Now, I understand that it’s not Penner’s fault the Oilers unwisely chose to throw a stack of money at him via an offer sheet. I don’t begrudge the big fella that dough. Anybody with half-a-brain would have grabbed that stack and run with it. Envy over Penner’s wad has zippo to do with what drives me nuts about him.

I’ll say it again: What grinds me is Penner shows no consistent inclination to earn a contract that was offered with the expectation he’d do his best and work to provide value in return, when I can think of dozens of players I’ve met over the years who’d do anything just to get a cup of coffee in the NHL at minimum wage.

So, forgive me when I feel the contents of my stomach rushing up my throat when I hear people trying to mitigate Penner’s indifference or make it sound like he’s somehow got a raw deal or has been picked on.

Sorry in Springfield

You know the situation sucks in Springfield when the Oilers are apologizing to fans of their AHL affiliate for an abysmal product even before the season is over. Such was the shame-faced admission this week.

“We are in the business of winning hockey games and we failed miserably in Springfield this season,” Oilers assistant GM and vice-president of hockey operations Kevin Prendergast said in a news release.

“On behalf of the Oilers we apologize to the fans in Springfield who have supported this team through a very difficult year. We will begin plans immediately in addressing the problems on the ice this season and promise that we will do everything we can to put a more competitive and winning team on the ice next year.”

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One would hope those “plans” include providing talent capable of playing at the AHL level through the Entry Draft, which would fall to Prendergast and his scouting staff.

As it stands, the 19-37-7-2 Falcons don’t have nearly enough of it. Thin to start with, call-ups by the Oilers, injuries and brutal seasons by the likes of Rob Schremp have made for a long season for the local faithful.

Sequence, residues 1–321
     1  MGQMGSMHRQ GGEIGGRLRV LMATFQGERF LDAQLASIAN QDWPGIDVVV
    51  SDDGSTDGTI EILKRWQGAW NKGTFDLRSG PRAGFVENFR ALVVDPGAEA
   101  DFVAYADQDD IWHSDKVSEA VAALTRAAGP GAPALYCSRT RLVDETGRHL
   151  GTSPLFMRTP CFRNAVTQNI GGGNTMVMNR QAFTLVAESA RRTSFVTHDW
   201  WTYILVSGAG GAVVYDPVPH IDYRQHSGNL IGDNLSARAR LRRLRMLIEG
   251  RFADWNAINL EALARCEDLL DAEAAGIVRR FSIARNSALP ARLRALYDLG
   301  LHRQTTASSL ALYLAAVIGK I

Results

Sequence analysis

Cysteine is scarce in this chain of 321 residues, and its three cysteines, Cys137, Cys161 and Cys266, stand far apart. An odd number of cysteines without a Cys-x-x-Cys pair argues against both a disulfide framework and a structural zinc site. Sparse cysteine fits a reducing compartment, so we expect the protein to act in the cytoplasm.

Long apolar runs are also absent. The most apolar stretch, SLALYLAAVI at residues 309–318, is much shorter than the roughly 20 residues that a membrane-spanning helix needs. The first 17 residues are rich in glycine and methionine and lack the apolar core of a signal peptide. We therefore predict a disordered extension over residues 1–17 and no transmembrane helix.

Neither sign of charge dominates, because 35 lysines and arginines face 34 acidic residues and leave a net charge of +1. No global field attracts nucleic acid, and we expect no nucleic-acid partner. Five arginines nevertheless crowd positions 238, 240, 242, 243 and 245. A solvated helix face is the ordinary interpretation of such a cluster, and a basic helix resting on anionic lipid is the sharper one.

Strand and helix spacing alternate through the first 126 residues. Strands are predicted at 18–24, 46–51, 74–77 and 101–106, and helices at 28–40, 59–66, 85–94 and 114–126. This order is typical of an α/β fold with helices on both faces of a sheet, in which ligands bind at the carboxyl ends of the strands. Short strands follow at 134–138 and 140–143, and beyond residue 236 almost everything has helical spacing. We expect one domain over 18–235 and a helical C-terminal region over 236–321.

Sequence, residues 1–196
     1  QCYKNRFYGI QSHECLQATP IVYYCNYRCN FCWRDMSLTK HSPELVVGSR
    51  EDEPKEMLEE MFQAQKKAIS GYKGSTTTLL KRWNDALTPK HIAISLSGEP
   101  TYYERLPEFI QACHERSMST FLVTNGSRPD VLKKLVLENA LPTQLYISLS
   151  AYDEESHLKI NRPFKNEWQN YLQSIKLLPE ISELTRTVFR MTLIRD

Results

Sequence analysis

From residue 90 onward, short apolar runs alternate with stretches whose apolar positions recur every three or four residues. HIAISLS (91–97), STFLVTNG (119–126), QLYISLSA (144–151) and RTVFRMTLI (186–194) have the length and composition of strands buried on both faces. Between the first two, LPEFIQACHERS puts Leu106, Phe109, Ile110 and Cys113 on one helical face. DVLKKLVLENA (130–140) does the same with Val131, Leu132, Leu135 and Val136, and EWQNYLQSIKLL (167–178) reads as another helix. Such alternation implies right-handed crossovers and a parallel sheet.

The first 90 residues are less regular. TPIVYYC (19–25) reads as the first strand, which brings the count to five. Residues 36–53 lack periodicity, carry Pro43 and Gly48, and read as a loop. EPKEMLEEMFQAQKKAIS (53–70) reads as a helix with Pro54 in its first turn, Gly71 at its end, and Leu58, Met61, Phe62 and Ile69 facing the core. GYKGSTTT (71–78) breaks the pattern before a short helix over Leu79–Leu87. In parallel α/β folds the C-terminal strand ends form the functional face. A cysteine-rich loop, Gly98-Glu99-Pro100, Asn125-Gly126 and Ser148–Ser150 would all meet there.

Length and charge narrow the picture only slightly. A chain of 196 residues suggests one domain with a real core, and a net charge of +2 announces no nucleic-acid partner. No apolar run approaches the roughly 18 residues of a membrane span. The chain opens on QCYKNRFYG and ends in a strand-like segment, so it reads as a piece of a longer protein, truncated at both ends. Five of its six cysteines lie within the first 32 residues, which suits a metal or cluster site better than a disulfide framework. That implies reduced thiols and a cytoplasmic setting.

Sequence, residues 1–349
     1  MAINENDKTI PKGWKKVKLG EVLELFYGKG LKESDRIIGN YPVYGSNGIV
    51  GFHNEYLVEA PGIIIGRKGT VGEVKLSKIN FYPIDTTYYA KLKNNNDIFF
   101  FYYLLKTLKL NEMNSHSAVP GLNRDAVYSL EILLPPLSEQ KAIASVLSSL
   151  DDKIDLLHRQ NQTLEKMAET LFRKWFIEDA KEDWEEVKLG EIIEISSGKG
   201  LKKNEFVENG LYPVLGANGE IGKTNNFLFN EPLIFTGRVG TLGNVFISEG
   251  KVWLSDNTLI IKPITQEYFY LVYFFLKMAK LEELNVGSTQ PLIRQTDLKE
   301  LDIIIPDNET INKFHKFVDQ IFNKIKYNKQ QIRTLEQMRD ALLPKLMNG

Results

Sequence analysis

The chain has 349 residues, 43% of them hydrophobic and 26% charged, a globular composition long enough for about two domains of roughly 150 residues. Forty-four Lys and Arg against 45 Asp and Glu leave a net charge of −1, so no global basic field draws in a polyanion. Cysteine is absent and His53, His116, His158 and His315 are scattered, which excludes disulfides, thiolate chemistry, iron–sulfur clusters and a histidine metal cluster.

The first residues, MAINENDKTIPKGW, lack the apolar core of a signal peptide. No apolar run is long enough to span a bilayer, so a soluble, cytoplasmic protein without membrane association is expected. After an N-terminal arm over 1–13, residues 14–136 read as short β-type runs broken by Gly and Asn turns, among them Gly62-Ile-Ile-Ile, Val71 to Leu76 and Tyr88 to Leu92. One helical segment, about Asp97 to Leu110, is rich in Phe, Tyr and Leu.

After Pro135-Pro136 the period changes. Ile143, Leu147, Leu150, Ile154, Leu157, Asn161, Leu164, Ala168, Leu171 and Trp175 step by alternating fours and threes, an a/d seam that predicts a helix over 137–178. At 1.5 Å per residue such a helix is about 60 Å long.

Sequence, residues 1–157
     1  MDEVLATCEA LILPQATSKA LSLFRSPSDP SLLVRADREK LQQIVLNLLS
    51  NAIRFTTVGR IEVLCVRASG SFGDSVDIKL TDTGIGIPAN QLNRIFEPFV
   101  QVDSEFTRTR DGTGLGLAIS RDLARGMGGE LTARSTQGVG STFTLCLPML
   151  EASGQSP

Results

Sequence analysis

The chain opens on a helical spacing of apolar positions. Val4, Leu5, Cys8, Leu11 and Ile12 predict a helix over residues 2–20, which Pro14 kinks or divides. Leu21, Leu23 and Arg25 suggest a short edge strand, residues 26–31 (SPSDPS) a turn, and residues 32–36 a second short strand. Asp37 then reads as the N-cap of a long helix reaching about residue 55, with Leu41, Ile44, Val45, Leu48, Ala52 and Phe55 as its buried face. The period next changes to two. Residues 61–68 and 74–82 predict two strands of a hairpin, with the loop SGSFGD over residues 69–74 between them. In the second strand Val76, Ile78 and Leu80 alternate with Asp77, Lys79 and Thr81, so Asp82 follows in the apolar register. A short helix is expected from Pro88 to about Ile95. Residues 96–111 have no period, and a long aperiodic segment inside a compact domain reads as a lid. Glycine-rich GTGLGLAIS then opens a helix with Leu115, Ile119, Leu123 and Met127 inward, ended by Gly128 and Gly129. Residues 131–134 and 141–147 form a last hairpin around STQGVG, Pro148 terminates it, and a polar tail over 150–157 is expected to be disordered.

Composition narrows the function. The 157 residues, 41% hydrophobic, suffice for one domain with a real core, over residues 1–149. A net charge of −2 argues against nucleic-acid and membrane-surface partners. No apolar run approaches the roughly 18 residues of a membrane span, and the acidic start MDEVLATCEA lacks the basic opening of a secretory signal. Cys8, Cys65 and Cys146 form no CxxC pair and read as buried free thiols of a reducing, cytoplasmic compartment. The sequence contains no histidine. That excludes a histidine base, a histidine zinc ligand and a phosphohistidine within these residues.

Pity Rob Daum, saddled with this gaggle of grunts since parachuting in for fired Jeff Truitt Feb. 10. Going into action against Hershey Wednesday, the Falcons have lost six straight and are 3-10-1-1 under Daum.

Fact is, Scotty Bowman couldn’t coax this ECHL roster into the playoffs. I trust the Oilers brass will keep that in mind before laying any of the blame for what’s been an unmitigated failure at Daum’s feet.

I’m thinking somebody should get the proverbial can tied to their backside over the Springfield mess, but it isn’t Daum.

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Just asking…

Isn’t it time Schremp and agent Scott Norton asked to be traded so they can get a second opinion?

With 7-32-39 in 54 games with Springfield, Schremp hasn’t only stalled on the development curve, he’s losing ground. In his first pro season, 2006-07, Schremp produced 17-36-53 in 69 games with Wilkes-Barre Scranton. In 2007-08 with Springfield, he had 23-53-76 in 78 games.

Schremp’s seen limited duty in just seven games with the Oilers since draft day, including four this season, and produced 0-3-3.

How long will it take after the Oilers back into the playoffs with a 7-10-3 record in their final 20 games before I get the first e-mail: “Brownlee, you IDIOT, didn’t you say they’ll miss the playoffs?” I’d say the over-under on that one is about six minutes. How could I not believe?

— Listen to Robin Brownlee every Thursday from 4 to 6pm on Just A Game with Jason Gregor on TEAM 1260.

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  • David S

    Dennis – Bruce had a very interesting theory about the Pronger trade, which I think isn't to far off the mark. You should ask him about it.

    I think it was LT that brought up the idea that 94 was done due to his play (or lack of it) in the 06 run. Most teams that value players tend to lock 'em up sooner than later. If they don't, the rest is posturing and more than not "we'll take him only if we can steal him" sorta thing.

    Souray (along with Penner) was probably one of those EIG reactionary moves borne more of fear than common sense. One of those things Lowe was told (or rather "highly encouraged") to do.